With the new presidential administration coming in, do you foresee that accelerating demand for some of this work? Are there any other areas to keep in mind for what that could mean for Clean Earth?
STANTON: If I had a wish list, most of our markets really are driven by the state level of engagement in the regulation or the requirements and the speed at which the states adopt and enforce rules. Like with aerosol cans, we see a different rate of enforcement of the universal waste rule on aerosol cans.
So anything that would encourage more consistency across the states is beneficial to the environment and to the ESG cause. And it'd be nice to see the federal side play a role in pushing the states along to move quicker and adopt. Because a lot of that white space I'm talking about, the rules are already out there and they're just not promulgated in every state equally.
On the larger side is the emerging contaminant issues around PFAS and PFOA. There is no national guideline on that and states are taking steps to preempt the EPA or legislation out of Congress on PFAS and PFOA... We actually have a strategic plan to put in place the infrastructure to take PFOA-contaminated waste and manage them in certain categories of waste, but absent understanding what the regulation is how much are we going to invest and how much our customers going to trust any outlet or direction for that material?
In terms of having the regulatory certainty to invest, what made the first PFAS treatment system at one of your plants in Detroit make sense?
STANTON: So right now the primary source of impact is being felt at wastewater plants and water plants. And they're already taking steps in many regions to treat or remediate their product before people consume it or it's in the environment. It's a huge cost.
So we see two primary sources of PFAS and PFOA upstream. One is industrial wastewater discharge. There are businesses today dumping wastewater into their sewers, or directly into the environment, because they're not even required to test for PFAS and PFOA. They probably know it's there, but there's no requirement for them to do anything... So our idea with the plant in Michigan, [which] has some progressive rules to stop this, was if you have wastewater that you can't dump now, bring it to our site and we'll treat it for you.
The second issue is that if you've been dumping this material on the ground, or if you've been putting out fires at an emergency fire station or at an airport, you've been blowing this stuff out all the time. It is in the soils, and it has saturated the soils and it's leaching down into the aquifers and into the environment. We need to dig those soils up, process them and put them back to get rid of it so it doesn't have to be treated in other places.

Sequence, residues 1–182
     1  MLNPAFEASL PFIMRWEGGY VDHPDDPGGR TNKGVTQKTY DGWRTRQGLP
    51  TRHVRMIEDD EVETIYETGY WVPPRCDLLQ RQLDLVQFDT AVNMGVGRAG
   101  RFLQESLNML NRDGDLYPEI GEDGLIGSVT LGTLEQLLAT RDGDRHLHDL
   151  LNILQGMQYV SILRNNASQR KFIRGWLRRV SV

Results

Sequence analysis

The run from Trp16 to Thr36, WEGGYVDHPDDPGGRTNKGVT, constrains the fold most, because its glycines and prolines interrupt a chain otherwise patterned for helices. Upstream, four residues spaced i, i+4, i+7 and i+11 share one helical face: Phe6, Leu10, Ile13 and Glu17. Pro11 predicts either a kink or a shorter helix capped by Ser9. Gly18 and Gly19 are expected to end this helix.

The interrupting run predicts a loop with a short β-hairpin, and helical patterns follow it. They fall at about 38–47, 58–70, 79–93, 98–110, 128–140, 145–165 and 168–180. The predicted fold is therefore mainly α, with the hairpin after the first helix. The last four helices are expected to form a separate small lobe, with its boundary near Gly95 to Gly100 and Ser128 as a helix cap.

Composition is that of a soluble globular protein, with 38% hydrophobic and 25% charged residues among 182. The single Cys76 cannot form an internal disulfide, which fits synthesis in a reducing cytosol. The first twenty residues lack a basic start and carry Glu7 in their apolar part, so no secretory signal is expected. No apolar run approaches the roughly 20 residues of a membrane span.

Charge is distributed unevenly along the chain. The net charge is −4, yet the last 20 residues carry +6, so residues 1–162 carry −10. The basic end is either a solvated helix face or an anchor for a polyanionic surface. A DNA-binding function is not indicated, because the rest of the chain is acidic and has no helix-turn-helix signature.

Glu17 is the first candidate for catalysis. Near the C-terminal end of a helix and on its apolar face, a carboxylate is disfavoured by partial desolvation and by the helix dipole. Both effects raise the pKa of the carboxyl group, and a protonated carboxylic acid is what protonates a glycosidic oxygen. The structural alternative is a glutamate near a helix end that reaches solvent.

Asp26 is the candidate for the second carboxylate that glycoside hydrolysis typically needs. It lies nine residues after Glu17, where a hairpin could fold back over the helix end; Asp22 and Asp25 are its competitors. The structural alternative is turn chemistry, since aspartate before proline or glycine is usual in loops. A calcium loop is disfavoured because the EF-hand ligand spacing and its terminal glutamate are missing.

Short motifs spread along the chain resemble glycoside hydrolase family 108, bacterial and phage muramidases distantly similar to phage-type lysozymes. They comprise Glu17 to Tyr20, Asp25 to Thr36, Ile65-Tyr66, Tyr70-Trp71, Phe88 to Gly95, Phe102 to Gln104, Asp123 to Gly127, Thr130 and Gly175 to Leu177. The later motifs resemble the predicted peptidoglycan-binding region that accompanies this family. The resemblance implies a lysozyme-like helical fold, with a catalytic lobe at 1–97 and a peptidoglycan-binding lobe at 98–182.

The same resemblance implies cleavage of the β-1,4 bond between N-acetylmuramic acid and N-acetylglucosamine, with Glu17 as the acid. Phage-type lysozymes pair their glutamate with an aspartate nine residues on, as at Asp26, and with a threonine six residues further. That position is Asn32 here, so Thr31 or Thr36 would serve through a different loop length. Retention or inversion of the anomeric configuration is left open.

So we have a whole infrastructure, at least on the Eastern Seaboard, that we are piloting and trying to get some permitting for to do the same type of process. It will take some regulation to make that become a viable market, but we're already set up to process it and handle it on a project basis and get project-level permitting data done.
Could you accept leachate?
STANTON: Absolutely. In fact, I would say leachate water is [one of our top sources] of water for the Detroit facility.
What are you doing with the biosolids?
STANTON: The final step that absorbs the PFOS and PFOA out of the water is activated carbon. And we're taking that activated carbon, reactivating it and the off gas from that goes into a high-temperature incinerator. There really is nothing you can do with PFAS and PFOA except incinerate it at high temperatures. It doesn't burn at low temperatures, but at high temperatures it burns quite well back to just natural organic compounds. So it has to be destroyed.
Do you see opportunity at a national level to be a solution for the solid waste industry?
STANTON: We've been talking to them, both Waste [Management] and Republic particularly, on the topic. Definitely.
In the last year or two it has really been one of the top topics we hear about as a concern for the industry.
STANTON: The EPA probably won't issue a standard for another three to five years. So it's highly likely that it would be a legislative standard... It could be we get something through Congress that actually sets a national standard on it, and then the EPA will be forced to promulgate some rules on the discharge side hopefully.
And it's a touchy topic. I don't think the landfill operators are excited about being regulated on this. However, if it is getting into the environment it's already impacting the water plants in many, many states so it's something they're going to have to deal with.